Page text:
City Council candidate Steven Morgan

Spotlight on the Candidates

City Council candidate Steven Morgan “The council appears lost to me,” said Steven Morgan, who is seeking a seat on the city council. “In all the years I was previously on council, we were accused of losing the public trust because of the decisions we made. But I never felt that we had lost the public trust. I think that is different now, with the in-fighting and lack of decorum.

“This council needs to be straightened out for the public’s sake. I’m an up-front, straightforward kind of guy and I think we can get us on a more public path to the future of this city.”

Morgan spent 17 years on the council, plus three as a planning commissioner. He will be appointed to a second term on the IWV Airport Board of Directors in November (no ballot item, since incumbents had no challengers).

“There is no conflict of interest, since they are two completely separate boards and they do not make agreements with one another.”

He said that between his prior experience and his increased availability now that he is retired, he can hit the ground running as a city official. “I have a working knowledge of the council, I have worked with the League of California Cities, I’ve worked with Kern Council of Governments, I have a good relationship with Supervisor Mick Gleason and I have been paying attention to the issues at the city.”

Morgan said he believes that his strength as an elected official is in taking in information to make a good decision. “I think that’s needed now more than ever. And all my experience doesn’t just go away. I think I am still a good fit for council.”

He noted that tertiary treatment arose as an option for water management during his prior time on the council, and he still believes it should be looked at as part of the solution for bringing our basin into sustainability.

“Water is the most critical issue this valley faces,” he said. “Yes, the city is a player, but a lot of the issues are county-driven. We know that there is a large influence outside of the city limits in terms of usage, and that usage is being looked at.”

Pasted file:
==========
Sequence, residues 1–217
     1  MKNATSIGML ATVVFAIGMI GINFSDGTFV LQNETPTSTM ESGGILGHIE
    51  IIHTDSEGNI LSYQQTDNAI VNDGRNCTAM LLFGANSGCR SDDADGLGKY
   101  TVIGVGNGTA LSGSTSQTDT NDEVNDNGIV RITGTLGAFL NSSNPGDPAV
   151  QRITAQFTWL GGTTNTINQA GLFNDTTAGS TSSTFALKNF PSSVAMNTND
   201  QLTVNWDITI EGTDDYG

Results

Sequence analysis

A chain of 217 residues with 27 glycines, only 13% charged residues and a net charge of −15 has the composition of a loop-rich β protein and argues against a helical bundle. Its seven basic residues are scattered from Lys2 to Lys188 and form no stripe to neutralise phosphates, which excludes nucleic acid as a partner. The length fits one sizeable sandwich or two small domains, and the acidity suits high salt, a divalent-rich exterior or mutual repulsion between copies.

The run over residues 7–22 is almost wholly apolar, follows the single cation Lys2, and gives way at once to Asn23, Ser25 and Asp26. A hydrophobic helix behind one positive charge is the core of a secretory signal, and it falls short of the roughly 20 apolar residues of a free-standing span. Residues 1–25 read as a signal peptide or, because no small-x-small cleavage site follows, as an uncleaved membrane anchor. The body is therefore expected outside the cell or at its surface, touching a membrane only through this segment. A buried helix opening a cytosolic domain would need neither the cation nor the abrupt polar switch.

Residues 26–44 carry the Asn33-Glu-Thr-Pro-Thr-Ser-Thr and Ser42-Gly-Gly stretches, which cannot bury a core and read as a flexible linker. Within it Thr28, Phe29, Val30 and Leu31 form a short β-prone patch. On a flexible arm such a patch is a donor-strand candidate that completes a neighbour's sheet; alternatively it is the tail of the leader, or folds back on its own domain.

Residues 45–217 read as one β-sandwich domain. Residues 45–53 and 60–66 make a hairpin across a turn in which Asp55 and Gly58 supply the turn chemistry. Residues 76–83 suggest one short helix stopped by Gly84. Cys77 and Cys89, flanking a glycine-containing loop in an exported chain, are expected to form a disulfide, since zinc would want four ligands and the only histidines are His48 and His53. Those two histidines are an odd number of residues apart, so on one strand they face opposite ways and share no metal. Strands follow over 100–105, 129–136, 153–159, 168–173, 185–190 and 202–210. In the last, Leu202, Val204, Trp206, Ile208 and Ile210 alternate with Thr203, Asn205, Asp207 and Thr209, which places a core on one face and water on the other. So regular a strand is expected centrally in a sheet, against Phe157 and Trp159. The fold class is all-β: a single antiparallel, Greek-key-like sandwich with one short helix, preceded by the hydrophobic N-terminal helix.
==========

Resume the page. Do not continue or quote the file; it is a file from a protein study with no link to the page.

He said he does not believe that the basin can achieve sustainability and maintain current agricultural operations. “I would like to be an active player in those conversations. We know we have to be equitable and fair to [agricultural] property owners, and they need to be able to recoup their investments,” said Morgan.

“Not everyone is going to have buy-in. It’s impossible. Water is going to cost more, and everyone needs to come to grips with that. We need infrastructure to import water, which is a piece of the solution, and we need to treat water. So the cost will go up. But if we do this correctly, we can also provide a benefit.”

Morgan supports the casino because he believes it will be an economic development driver. “It’s no secret that I hate where it is going,” he said. “I look at this as a positive. We need to look at the future of Ridgecrest and not the past. A lot of folks looking at the casino are just looking backwards.”

His priority in public safety is re-opening the jail. Sheriff “Donny Youngblood literally promised to do this during the campaign, and I’m going to hold him to that.”

Morgan said that the city is better off, in terms of public safety, with the passage of Measures L and V. “But I’ll be darned if I’m going to subsidize the Kern County Sheriff’s Office. They are going to have to step up.”

Story First Published: 2018-10-12